I came across a blog by Jim Joseph of Entrepreneur and thought the message was worth passing on to you:
Many people have different interpretations about what brand positioning means. It’s one of those concepts that is hard to pin down, yet at the same time is so important to the success of your brand. Positioning is at the heart of your brand. It’s essentially the summation of everything your brand is about.
Positioning is built from what you know to be true about your customer. It takes the benefits you’ve outlined and makes them meaningful to customers. In its simplest of forms, positioning is the mental space you want to occupy in your customer’s mind. It’s the first thing you want your customer to think about when they hear your brand name.
An emotional connection with your customer is the key to being a brand. But that emotional bond should be reflected in the positioning statement for the business. Positioning is more about emotions and less about the facts.
That’s why marketers who think a claim about their product or service is a positioning statement, really miss the boat. The same goes for a description of your type of business. There’s no emotion in that and it’s emotions that differentiate a brand.
Your brand’s positioning is the basis for building the brand experience across the entire marketing plan. The key is to make sure the actual brand experience delivers on what was intended in the positioning.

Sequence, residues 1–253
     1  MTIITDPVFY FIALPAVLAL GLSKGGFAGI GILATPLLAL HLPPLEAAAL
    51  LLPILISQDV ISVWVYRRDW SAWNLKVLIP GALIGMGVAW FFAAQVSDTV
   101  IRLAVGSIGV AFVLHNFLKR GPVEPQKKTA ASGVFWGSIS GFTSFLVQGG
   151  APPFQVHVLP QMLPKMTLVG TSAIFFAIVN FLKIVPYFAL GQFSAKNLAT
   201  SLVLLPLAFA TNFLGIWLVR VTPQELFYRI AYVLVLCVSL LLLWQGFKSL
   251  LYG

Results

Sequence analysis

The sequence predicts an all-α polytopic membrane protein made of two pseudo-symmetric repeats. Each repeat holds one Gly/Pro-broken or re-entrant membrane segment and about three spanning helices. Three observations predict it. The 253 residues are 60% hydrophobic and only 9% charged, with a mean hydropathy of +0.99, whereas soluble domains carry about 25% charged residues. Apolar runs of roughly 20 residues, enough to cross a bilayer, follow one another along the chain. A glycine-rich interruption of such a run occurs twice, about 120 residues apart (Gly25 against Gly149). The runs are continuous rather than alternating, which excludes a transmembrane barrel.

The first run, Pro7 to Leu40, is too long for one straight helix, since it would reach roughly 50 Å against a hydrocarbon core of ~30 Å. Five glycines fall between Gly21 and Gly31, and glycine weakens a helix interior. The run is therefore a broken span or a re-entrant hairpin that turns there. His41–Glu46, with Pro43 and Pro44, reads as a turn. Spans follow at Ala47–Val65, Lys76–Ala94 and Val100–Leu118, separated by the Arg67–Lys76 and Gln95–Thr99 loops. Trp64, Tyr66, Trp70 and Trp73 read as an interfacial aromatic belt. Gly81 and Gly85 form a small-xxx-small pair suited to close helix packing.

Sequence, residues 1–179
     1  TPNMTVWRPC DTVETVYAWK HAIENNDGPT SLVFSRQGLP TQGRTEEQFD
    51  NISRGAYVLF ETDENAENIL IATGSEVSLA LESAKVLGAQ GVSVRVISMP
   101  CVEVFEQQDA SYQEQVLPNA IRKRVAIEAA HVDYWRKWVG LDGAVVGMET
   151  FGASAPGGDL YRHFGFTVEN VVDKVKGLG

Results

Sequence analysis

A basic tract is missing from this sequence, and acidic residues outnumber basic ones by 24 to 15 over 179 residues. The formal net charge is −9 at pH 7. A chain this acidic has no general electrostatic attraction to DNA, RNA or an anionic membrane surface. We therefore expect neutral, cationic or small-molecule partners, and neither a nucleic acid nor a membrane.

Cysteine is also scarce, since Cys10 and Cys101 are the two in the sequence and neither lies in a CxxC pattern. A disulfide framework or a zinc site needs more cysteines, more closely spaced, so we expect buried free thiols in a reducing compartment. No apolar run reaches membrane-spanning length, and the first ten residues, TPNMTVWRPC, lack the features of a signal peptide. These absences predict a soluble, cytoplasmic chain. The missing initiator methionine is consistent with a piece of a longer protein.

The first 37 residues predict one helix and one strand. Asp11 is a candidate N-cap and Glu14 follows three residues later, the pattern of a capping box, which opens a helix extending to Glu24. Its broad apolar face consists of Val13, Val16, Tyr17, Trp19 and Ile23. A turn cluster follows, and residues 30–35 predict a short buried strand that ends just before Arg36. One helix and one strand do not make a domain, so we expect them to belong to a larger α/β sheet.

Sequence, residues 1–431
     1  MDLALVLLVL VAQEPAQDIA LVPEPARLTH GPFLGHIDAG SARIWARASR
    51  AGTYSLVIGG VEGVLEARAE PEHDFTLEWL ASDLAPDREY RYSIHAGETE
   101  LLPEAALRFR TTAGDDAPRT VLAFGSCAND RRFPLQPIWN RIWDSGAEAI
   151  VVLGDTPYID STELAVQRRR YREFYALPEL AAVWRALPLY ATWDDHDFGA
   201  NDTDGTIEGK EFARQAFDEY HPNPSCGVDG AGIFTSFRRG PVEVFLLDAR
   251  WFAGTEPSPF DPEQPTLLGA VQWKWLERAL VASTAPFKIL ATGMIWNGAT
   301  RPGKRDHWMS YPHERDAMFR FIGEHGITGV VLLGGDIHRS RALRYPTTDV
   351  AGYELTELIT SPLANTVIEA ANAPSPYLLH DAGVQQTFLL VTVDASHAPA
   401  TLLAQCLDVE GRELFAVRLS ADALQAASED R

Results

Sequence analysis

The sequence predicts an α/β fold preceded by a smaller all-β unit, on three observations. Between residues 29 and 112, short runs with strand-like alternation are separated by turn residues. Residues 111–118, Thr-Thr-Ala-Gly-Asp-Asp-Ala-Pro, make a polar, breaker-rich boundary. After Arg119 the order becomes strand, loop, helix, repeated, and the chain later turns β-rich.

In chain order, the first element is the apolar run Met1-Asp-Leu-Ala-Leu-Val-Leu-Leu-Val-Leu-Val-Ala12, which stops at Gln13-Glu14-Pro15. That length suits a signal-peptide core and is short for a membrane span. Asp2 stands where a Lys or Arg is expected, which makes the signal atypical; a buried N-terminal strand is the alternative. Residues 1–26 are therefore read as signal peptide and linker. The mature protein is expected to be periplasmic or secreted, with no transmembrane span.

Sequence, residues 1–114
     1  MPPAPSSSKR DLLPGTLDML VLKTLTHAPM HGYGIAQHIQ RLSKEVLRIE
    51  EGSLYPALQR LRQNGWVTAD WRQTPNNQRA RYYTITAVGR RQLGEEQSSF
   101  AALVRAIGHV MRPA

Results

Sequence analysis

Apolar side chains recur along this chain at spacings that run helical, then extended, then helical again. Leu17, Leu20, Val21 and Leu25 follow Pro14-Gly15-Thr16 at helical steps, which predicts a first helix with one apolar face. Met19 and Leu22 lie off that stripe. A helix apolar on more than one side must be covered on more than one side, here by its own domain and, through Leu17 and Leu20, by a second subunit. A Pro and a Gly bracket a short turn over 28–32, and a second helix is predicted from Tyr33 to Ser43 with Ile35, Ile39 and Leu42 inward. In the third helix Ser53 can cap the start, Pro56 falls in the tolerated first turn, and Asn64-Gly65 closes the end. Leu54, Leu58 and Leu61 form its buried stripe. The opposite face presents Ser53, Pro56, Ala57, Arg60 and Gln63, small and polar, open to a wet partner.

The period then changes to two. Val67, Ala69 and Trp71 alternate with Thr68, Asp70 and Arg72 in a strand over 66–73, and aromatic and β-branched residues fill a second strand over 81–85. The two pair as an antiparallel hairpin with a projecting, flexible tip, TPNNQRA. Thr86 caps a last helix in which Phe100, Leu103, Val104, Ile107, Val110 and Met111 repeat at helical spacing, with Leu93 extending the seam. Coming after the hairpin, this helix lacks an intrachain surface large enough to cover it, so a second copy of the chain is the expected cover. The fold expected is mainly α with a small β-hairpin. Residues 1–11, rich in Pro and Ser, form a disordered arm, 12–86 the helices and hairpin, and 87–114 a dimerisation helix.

Let’s take a look at a few big brands and what they’ve done for positioning. The tagline can often be a big hint:
- BMW: “The ultimate driving machine.”
- State Farm: “Like a good neighbor, State Farm is there.”
- L’Oreal: “Because you’re worth it.”
Notice the level of emotion in each of these taglines, which essentially highlights each brand’s positioning.
Here’s how they might be translated into positioning statements:
- BMW: Makes you feel powerful.
- State Farm: Makes you feel secure and safe in times of need.
- L’Oreal: Makes you feel valued and good about yourself.
These are obviously big blockbuster brands, but there’s no reason why you couldn’t do the same for your small business.
Here are a few tips to creating a positioning statement for your company:
- Think about the emotional benefit that you offer your customer.
- Think about how you want your customer to feel about you, every time they think about you.
- Try to capture that emotion in a brief statement that best describes what you can offer, and jot down a few options.
- If you have a team, run the ideas by them and do a little brainstorming. You’ll be amazed at how quickly you start generating ideas.
- If you need help with any of these, have a marketing agency facilitate this process, their expertise will help you.
Do you feel your brand makes an emotional connection with your customers? Please share your experience in the comments below.